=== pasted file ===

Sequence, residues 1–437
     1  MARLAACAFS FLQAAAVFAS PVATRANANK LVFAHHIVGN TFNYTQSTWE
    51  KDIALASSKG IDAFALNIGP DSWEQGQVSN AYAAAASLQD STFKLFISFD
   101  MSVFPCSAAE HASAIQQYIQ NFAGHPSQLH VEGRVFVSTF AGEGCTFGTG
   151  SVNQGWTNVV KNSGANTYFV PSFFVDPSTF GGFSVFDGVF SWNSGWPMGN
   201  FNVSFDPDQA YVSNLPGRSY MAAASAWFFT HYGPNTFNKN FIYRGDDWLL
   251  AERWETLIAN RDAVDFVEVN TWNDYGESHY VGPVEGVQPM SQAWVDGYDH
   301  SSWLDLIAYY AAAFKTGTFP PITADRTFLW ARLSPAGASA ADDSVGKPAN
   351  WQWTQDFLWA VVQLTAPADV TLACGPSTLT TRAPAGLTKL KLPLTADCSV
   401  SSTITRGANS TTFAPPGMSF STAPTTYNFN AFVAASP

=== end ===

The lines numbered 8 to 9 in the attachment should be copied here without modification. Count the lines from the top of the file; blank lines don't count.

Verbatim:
   301  SSWLDLIAYY AAAFKTGTFP PITADRTFLW ARLSPAGASA ADDSVGKPAN
   351  WQWTQDFLWA VVQLTAPADV TLACGPSTLT TRAPAGLTKL KLPLTADCSV